Correction to This Article
A July 26 Page One article about the tension between Jewish settlers and Palestinians in the West Bank city of Hebron incorrectly said settler spokesman David Wilder largely dismissed public relations until a 1994 shooting. It was the Hebron settlers generally who did not embrace public relations until that event; Wilder did not become spokesman until two years later.

In Divided Hebron, a Shared Despair

International observers say Jewish settlers regularly toss debris onto the chicken wire above Jamal Maraga's shop.
International observers say Jewish settlers regularly toss debris onto the chicken wire above Jamal Maraga's shop. (Photos By Scott Wilson -- The Washington Post)
Hebron Map
By Scott Wilson
Washington Post Foreign Service
Thursday, July 26, 2007

HEBRON, West Bank -- The barrier Israel is constructing in the largely rural West Bank is effectively separating Arab from Jew along much of its 456-mile length. But the broader project of disentangling the two peoples in the absence of a peace agreement is failing in urban areas such as Hebron, where the most radical elements of Islamic and Jewish nationalism are gaining strength.

Within Hebron, the separation is enforced not only by Israeli barriers but also by military checkpoints and curfews intended to protect the roughly 700 Jewish settlers living within the city's most historic and religiously important areas. Securing the small Jewish minority has a potent impact on the lives of the city's 150,000 Arabs, who voted last year to fill all nine of the district's parliamentary seats with candidates from the armed Islamic movement Hamas.

This city, set among prolific vineyards, was among the first destinations for Jewish settlers following the 1967 Middle East war, when the Israeli military occupied the West Bank. Fired by a four-millennia-old religious claim to Hebron, the settler enterprise here is among the most ideologically determined in the territories. Its expansionist goals clash with Palestinian secular and Islamic armed movements, whose own nationalist passions helped turn Hebron into one of the most violent venues of the Palestinian uprisings.

In recent months, the Israeli army has helped the Hebron settlers expand eastward to a hilltop home near the settlement of Kiryat Arba, a large step in their plan to connect the two areas. An international observer mission here, established after 1996 accords that left part of the city under Israeli military control and placed the other under the Palestinian Authority, reports sharply rising violence between Israeli settlers and Palestinians.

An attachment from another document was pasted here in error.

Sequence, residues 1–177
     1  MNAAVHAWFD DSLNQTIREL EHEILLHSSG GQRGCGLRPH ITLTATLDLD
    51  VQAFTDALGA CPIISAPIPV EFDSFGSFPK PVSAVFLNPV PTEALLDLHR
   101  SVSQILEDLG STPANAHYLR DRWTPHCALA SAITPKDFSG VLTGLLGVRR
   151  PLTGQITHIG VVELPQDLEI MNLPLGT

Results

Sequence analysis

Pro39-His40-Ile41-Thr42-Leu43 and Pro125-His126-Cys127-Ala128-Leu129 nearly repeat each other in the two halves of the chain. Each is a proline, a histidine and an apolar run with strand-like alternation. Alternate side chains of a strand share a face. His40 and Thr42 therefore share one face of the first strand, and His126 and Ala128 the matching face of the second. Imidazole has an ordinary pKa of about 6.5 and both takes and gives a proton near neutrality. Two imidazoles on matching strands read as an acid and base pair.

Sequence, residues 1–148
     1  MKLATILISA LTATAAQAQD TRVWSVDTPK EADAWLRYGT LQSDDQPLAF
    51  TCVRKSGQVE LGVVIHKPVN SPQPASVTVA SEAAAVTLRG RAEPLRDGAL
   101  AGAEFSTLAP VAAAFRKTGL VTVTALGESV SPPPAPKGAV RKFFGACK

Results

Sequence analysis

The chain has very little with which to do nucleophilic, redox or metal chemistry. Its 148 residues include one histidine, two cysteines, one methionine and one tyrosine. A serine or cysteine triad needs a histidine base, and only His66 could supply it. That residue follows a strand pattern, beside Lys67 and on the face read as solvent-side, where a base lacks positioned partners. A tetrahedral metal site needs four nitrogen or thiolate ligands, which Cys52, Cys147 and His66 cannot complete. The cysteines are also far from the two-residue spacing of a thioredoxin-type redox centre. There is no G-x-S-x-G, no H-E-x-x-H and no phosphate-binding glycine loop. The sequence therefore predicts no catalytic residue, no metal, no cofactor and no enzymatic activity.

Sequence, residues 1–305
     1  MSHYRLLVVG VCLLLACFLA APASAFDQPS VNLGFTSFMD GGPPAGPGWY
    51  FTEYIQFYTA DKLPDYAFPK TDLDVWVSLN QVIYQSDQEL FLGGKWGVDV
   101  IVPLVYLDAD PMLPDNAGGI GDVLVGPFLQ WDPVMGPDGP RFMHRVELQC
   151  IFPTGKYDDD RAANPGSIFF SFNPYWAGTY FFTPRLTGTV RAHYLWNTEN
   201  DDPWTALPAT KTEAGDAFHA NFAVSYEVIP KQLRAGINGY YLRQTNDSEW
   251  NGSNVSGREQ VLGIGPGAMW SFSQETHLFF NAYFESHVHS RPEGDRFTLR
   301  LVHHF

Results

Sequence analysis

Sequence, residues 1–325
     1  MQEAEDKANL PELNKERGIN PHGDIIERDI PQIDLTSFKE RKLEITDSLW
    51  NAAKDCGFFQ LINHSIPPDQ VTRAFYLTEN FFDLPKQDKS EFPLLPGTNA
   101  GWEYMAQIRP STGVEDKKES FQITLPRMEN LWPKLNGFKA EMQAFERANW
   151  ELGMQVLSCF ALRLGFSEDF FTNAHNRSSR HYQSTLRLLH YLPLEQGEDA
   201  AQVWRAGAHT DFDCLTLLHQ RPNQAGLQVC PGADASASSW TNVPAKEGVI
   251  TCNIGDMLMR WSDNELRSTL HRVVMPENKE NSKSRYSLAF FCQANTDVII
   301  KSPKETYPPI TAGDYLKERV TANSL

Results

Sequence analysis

"There is no future for Arabs and Jews together in Hebron," said Noam Federman, 37, a settler from Beit Hadassah in the Israeli-controlled city center here. "And Hebron has always been a Jewish city."

Jamal Maraga's Palestinian fabrics shop sits along an alley in Hebron's casbah, lit by shafts of sunlight that filter through bricks, bottles and trash suspended in fencing laced over the walkway. The Jewish settlement of Avraham Avinu is housed in a multistory building that towers overhead.

International observers here say the settlers regularly toss debris and dirty water into the Arab market below, now largely shuttered in a city where unemployment stands at 60 percent. Asked whether Arabs and Jews can share Hebron, Maraga, his hair and beard a gray fuzz, looked up at the chain-link canopy.

"Impossible," he said.

Proximity and Violence

Just before noon on a recent day, Azmi Shuyukhi, the graying leader of the Palestinian Popular Committees, a civil-resistance organization, approached an Israeli military checkpoint. Behind him trailed a small group of men and boys, who at Shuyukhi's instruction were attempting to defy the enforced division of their city that has virtually emptied its most important historic, religious and commercial areas of Palestinians.

The post bars Palestinians from entering Shuhada Street, a once-thriving commercial strip closed by the Israeli military more than a decade ago to protect the two Jewish settlements and a yeshiva along its route. The U.S. Agency for International Development spent $2 million in 1997 to renovate the street as part of an Israeli-Palestinian agreement to reopen it for Palestinians. But Israel has since refused to do so.

The order to close the road was one of several that began the separation process here in 1994 after an Israeli from Kiryat Arba, Baruch Goldstein, killed 29 Palestinians praying in the Ibrahimi Mosque just past the end of Shuhada Street. The site is sacred to Muslims and Jews, who believe Abraham, Isaac and other biblical figures are buried in grottos beneath it.

According to the Temporary International Presence in Hebron, the unarmed observer mission, there are 100 Israeli-constructed fences, gates, concrete barriers and military checkpoints within the roughly one-square-mile historic center. The area included the Jewish Quarter until 1929, when Arabs killed more than 60 Jews living there. The survivors fled.

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Detailed map of Hebron and area surrounding shows locations of checkpoints, roadblocks and settlements.
SOURCES: Foundation for Middle East Peace/Jan de Jong, Europa Technologies via Google Earth | By Gene Thorp, The Washington Post - July 26, 2007
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